What Romans Tought Us
The ancient Romans planted vineyards near garrison towns so wine could be produced locally rather than shipped over long distances. Some of these areas are now world renowned for wine production. The Romans discovered that burning sulfur candles inside empty wine vessels keeps them fresh and free from a vinegar smell. In medieval Europe, the Roman Catholic Church supported wine because the clergy required it for the Mass. Monks in France made wine for years, aging it in caves. An old English recipe that survived in various forms until the 19th century calls for refining white wine from bastard—bad or tainted bastardo wine. The process of making wine in ancient Rome began immediately after the harvest with treading the grapes (often by foot), in a manner similar to the French pigeage. The juice thus expressed was the most highly prized and kept separate from what would later come from pressing the grape. This free-run juice was also believed to have the most beneficial medicinal properties.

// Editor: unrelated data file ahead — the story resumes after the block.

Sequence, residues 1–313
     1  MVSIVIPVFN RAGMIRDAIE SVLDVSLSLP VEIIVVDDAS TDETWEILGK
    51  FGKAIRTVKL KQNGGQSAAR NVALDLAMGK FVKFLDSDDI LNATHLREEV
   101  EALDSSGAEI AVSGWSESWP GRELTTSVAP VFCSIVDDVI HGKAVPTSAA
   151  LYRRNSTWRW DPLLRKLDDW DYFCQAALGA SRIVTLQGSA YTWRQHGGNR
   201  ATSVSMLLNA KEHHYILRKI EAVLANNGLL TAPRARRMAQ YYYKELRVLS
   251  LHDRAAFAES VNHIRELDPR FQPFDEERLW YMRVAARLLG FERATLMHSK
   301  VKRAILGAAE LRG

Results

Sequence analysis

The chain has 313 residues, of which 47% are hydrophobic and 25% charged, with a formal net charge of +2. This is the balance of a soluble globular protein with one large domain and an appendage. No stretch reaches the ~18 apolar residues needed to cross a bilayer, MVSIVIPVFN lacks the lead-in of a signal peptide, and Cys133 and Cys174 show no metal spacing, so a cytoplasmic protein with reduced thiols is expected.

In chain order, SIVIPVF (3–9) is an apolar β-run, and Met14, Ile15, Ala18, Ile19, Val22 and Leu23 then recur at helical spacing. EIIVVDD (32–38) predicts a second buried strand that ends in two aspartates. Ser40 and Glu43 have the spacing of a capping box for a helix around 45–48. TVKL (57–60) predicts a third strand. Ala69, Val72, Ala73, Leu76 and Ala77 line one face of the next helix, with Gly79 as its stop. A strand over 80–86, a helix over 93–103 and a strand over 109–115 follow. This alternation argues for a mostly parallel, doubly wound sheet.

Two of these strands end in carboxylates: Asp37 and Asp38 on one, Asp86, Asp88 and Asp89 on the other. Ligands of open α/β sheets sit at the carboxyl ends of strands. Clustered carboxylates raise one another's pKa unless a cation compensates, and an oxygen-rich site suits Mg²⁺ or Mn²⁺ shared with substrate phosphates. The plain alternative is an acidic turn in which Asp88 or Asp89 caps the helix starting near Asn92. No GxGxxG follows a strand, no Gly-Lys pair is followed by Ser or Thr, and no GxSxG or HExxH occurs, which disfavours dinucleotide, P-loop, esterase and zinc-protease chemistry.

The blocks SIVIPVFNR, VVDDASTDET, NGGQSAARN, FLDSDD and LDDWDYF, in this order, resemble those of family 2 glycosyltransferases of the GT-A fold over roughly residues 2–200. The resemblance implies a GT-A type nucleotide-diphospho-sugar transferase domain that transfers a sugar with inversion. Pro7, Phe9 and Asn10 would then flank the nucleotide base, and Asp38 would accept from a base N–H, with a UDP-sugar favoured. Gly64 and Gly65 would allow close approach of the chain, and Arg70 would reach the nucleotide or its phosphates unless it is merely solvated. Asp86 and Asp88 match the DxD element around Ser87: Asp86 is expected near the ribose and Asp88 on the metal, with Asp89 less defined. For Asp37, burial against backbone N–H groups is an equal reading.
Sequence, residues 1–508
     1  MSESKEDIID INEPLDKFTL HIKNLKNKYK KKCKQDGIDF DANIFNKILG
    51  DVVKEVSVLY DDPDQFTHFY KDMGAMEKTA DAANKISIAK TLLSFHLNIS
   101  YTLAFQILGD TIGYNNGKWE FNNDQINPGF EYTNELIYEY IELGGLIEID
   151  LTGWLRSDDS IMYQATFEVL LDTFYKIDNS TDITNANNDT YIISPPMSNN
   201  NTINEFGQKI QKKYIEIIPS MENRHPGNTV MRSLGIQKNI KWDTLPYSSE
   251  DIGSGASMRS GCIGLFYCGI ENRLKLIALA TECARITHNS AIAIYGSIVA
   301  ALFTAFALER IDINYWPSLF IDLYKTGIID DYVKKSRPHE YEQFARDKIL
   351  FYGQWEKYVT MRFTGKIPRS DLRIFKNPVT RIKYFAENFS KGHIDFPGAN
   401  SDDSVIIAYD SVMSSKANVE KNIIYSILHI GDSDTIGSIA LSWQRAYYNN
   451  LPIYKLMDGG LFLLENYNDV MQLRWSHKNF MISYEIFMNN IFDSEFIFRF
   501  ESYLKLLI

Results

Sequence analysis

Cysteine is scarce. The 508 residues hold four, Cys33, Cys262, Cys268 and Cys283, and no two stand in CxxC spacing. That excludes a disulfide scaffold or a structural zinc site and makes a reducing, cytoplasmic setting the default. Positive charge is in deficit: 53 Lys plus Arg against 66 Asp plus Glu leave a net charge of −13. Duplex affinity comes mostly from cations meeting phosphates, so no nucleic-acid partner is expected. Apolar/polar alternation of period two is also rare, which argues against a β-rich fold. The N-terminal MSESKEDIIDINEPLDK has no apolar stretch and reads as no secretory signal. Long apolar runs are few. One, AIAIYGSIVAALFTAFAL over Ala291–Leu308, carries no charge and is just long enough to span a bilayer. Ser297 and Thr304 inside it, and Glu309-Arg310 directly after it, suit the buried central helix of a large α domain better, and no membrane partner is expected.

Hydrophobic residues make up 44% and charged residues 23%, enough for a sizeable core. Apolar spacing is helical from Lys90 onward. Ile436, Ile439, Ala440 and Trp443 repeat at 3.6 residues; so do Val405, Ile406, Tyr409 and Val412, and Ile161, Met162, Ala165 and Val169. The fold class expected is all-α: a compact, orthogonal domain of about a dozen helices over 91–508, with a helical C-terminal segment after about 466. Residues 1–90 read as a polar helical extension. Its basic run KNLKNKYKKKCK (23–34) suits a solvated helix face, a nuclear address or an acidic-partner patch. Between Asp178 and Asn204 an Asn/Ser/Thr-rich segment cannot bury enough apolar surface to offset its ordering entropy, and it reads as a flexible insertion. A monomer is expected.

Cato described the process of pressing as taking place in a special room that included an elevated concrete platform containing a shallow basin with raised curbs. The basin was shaped with gentle slopes that led to a runoff point. Horizontally across the basin were long, wooden beams whose front parts were attached by rope to a windlass. The crushed grapes were placed between the beams, with pressure applied by winding down the windlass. The pressed juice ran down between the beams and collect in the basin.
As the construction and use of a wine press was labor-intensive and expensive, its use was generally restricted to large estates, with smaller wineries relying on treading alone to obtain grape juice.
If grape pressing was used, an estate would press the skins one to three times. Since juice from later pressings would be coarser and more tannic, the third pressing normally made wine of low quality called lora. After pressing, the grape must was stored in large earthenware jars known as dolia. With a capacity of up to several thousand liters, these jars were often partially buried into the floors of a barn or warehouse. Fermentation took place in the dolium, lasting from two weeks to a month before the wine was removed and put in amphoras for storage. Small holes drilled into the top allowed the carbon dioxide gas to escape.